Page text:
The instructional and other materials required for the course have a continuing value to the student outside of the classroom setting, or

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General Information

AB 1504 also amends prior language regarding a student’s choice to opt-out of the fee. Students must be provided an opportunity to opt out of the fee, without providing a reason at registration. This bill also eliminates the authorization of a student election to collect or terminate the additional fee. www.losmedanos.edu/ admissions/ActivityFeeRefundForm.pdf


General Information

b.

The instructional and other materials are used in the production of an “end product” that has continuing value to the student outside the classroom setting.

At the beginning of each term, the instructor will inform you of the material specification. Students may choose to purchase the material on their own or may choose to pay the instructional materials fee. Instructional materials fee refunds are provided to students who withdraw from school or drop the course by the required drop date. This refund is contingent upon the return of all usable materials. The instructor will verify that all materials have been returned and suitable for resale and reuse. Refund checks will be processed after the first two weeks of instruction and mailed to the student.

ADDITIONAL INFORMATION

Financial Holds

A hold may be placed on a student’s record whenever that student has failed to pay any debt owed to the college or has failed to return a library book or other college property or equipment. Students who owe enrollment fees or other debts will be not be permitted to register for classes and will not receive a diploma until their debts have been paid. The hold will be removed once the student has cleared the obligation with the college. If your debt remains unpaid, Los Medanos College may garnish your California state tax return through the state-mandated Chancellor's Office Tax Offset Program (COTOP). In this instance, a 33 1/3% administrative fee will be added to your delinquent balance. This balance will be forwarded for collection to the State Franchise Tax Board (FTB). In the event you are owed a state tax refund, win a California Lottery prize, or have unclaimed property to be distributed to you by the State of California Controller's Office for the upcoming tax year, California State Government Code sections 12419.2, 12419.7, 12419.10, and 12419.11 authorize the Office of the State Controller and the FTB to collect money owed to individuals and redirect these funds to pay the individual's debt owed to the agencies/colleges.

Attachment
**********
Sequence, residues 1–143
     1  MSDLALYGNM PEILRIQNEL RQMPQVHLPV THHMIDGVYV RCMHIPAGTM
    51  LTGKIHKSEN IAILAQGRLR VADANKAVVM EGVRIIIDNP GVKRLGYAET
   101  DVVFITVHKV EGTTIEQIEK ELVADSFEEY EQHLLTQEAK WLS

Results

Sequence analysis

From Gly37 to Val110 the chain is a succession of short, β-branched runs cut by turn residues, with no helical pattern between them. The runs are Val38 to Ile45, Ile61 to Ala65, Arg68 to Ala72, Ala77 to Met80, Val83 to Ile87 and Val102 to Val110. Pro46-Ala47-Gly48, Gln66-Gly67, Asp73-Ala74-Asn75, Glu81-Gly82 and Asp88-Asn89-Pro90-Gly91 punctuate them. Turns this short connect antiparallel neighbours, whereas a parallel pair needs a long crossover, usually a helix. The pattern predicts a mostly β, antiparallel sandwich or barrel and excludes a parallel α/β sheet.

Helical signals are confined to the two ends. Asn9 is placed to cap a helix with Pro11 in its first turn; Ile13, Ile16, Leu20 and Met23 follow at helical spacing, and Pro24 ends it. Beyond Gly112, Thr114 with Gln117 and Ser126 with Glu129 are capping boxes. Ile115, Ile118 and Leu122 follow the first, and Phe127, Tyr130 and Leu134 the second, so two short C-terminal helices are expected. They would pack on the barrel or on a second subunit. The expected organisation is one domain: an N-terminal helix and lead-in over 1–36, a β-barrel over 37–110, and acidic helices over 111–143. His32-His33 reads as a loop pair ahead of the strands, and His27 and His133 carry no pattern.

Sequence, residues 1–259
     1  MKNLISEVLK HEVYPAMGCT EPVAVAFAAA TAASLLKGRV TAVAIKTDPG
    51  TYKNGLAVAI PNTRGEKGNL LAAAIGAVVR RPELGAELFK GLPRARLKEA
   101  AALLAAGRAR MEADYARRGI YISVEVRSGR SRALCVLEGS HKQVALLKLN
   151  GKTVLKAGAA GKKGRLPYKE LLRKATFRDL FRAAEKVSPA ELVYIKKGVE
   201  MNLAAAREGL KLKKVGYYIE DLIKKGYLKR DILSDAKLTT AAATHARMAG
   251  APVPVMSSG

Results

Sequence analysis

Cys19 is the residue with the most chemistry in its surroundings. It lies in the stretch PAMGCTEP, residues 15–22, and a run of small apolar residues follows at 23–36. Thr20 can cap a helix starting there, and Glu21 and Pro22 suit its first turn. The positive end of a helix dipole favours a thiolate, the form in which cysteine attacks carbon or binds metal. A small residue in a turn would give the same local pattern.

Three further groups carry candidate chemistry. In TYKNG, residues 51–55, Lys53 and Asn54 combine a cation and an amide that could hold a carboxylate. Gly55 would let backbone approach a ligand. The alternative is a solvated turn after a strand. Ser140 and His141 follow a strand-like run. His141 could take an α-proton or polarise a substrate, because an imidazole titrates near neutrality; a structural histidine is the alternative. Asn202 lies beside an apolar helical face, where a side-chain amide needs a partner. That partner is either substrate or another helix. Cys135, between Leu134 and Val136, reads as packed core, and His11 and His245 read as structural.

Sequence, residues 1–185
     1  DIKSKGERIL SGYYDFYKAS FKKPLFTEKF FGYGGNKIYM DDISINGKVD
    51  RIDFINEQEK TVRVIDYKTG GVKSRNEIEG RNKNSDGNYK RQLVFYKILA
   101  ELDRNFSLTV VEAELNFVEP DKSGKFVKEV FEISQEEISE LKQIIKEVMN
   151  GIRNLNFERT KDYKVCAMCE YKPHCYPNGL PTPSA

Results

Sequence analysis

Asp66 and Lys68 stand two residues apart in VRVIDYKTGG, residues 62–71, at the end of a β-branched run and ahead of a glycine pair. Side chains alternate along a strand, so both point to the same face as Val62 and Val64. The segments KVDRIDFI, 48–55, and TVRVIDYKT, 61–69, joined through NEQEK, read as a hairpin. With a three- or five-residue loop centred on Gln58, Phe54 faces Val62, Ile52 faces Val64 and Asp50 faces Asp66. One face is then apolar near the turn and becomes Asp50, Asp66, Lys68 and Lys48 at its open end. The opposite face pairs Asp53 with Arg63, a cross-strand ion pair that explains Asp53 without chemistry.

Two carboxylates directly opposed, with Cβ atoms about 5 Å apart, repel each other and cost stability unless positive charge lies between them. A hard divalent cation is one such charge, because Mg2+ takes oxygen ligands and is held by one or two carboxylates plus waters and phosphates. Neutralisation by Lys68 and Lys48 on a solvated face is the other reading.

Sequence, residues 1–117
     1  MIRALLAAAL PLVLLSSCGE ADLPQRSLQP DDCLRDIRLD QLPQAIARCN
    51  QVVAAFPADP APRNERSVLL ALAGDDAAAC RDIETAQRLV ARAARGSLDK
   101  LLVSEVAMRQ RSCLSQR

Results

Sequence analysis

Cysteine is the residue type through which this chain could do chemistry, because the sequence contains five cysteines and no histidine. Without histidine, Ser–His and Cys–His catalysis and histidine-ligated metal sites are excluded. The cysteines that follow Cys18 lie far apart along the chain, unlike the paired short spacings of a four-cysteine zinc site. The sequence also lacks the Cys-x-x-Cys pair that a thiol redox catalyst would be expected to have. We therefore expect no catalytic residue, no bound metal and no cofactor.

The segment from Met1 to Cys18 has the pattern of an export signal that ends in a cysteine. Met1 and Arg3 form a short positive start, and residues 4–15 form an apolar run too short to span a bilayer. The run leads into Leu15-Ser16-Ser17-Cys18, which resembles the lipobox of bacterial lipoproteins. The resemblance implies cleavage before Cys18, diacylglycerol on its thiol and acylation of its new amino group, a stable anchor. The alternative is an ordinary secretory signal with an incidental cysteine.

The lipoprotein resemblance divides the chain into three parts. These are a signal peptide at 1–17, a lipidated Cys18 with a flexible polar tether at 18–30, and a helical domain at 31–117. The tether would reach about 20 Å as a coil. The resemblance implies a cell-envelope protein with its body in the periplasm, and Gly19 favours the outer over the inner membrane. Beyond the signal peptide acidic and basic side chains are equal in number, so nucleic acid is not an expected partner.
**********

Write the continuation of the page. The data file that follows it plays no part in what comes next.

Student Payroll

Paychecks for all student employees are distributed at the payroll window in Business Services on the tenth of each month and the following four business days. If the tenth of the month should fall on a Saturday or Sunday, the paychecks will be distributed the Friday before. After 2 business days, paychecks will be mailed to the address of record. All student employees with a bank account are eligible for direct deposit. Direct deposit stubs are no longer printed but pay advices are now available for viewing online through InSite.

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Veterans Benefits